Here is a few choice pieces of the Sunday Newspapers (Sunday business Post and Sunday Independent) you will immediately become aware that the vested interests have their spokespeople well placed to put their spin on matters concerning themselves  .It is only when you strip out all the other trip that you get to see this  obvious attempt to hoodwink the general public again .I am still amazed that they seem to have no problem in getting the space made available to them to spew out their spin !We are been constantly been bombarded by pure spin and the vested interests control all the public media in this state so bear this in mind every time you pick up any newspaper in this state.

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1916: We need an Easer Rising today

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The Sunday Independent today has practically vindicated every stance I have taken on the banking crises, the overpaid golden circle of top civil servants and the current Irish laws which protect the rich and well connected and punishes the poor. We do not have a just society in Ireland and there cannot be any justice as long as the current political class maintain their grip on the country’s wealth and the livers of power. We have only the notion of democracy in this country, we go through the motions of voting in a new government only to find out that nothing has changed .The promises made only six weeks ago are long forgotten and we are now beginning to see we have replaced one lot of gangsters with a bunch of stooges The crooks from the last government still have their cronies and lackeys in their positions and nothing is going to change.

The poor and the outsiders (85% of the Irish people) have now been made debt slaves and we don’t have one decent patriot in the Dail that will stand up and demand justice for the people of Ireland

No Sir we will have to do this ourselves just like in 1916 .Not one member of the Dail today is worthy to untie the shoe laces of those men of 1916.They must be wondering what did we die for ?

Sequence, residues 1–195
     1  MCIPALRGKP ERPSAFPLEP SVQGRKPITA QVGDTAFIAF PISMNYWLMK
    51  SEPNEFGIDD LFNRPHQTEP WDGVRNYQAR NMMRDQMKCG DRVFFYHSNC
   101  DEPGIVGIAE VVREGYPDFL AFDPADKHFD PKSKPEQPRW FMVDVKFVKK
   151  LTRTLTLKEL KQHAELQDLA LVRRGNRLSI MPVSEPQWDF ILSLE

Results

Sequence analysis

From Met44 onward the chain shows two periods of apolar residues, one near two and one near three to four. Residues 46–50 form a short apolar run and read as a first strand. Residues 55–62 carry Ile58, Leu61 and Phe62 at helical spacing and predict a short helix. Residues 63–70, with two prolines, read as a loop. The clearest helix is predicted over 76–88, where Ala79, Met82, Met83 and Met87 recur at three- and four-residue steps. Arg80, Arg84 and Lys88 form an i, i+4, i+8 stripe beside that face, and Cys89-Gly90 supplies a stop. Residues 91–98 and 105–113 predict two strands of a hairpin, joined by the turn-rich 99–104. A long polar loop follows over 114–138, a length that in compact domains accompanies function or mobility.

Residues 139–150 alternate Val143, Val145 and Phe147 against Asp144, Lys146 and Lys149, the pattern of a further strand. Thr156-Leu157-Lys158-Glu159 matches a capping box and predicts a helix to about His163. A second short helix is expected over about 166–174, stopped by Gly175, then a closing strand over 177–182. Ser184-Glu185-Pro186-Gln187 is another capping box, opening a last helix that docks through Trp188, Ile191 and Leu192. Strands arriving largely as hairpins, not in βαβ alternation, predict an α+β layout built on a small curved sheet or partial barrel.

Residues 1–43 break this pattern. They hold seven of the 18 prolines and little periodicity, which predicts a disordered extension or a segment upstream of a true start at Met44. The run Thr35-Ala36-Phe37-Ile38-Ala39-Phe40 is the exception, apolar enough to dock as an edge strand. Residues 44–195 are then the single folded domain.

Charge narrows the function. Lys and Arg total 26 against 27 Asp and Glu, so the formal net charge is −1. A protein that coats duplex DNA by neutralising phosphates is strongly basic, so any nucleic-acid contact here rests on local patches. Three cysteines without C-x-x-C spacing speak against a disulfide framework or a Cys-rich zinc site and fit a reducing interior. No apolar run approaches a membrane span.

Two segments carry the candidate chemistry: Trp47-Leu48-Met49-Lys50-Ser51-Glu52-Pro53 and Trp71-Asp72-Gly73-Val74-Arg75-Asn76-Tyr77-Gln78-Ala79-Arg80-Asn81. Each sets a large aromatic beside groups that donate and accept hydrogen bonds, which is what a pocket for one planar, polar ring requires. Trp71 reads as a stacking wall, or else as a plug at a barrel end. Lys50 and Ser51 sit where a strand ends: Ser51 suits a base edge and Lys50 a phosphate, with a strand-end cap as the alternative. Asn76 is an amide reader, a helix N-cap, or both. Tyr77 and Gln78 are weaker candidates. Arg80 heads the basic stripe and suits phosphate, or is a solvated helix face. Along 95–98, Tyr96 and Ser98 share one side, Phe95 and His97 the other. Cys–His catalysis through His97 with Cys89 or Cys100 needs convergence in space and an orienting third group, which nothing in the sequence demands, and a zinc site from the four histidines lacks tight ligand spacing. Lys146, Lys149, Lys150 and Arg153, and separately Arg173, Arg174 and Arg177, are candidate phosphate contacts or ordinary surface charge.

Banks will need another €25bn

Banks will need another €25bn

Stress tests on crippled lenders reveal black hole even bigger than expected !

By DANIEL McCONNELL Chief Reporter Exclusive

Sunday March 13 2011

Ireland‘s financial future has been dealt a massive blow as a further black hole of up to €25bn in the Irish banks has emerged as part of the Government’s stress testing.

Senior government sources have confirmed to this newspaper that the stress-testing process will show that the state of the banks’ balance sheets is “considerably worse” than previously thought.

It has emerged that on top of the €10bn capitalisation deferred by former Finance Minister Brian Lenihan last month, losses at the banks mean that a further injection of between €15bn and €25bn could now be needed.

The results of the rigorous stress-testing process, designed to restore confidence in the banking system, are to be presented to new Finance Minister Michael Noonan next week.

News that Ireland will need substantially more money from the IMF/EU to address the crisis in the banks is a blow to Taoiseach Enda Kenny‘s hopes to get a better deal at the EU summit later this month.

Before entering government, both Fine Gael and Labour committed to putting the deferred €10bn into the banks, but it is now clear the amount needed will be at least double that.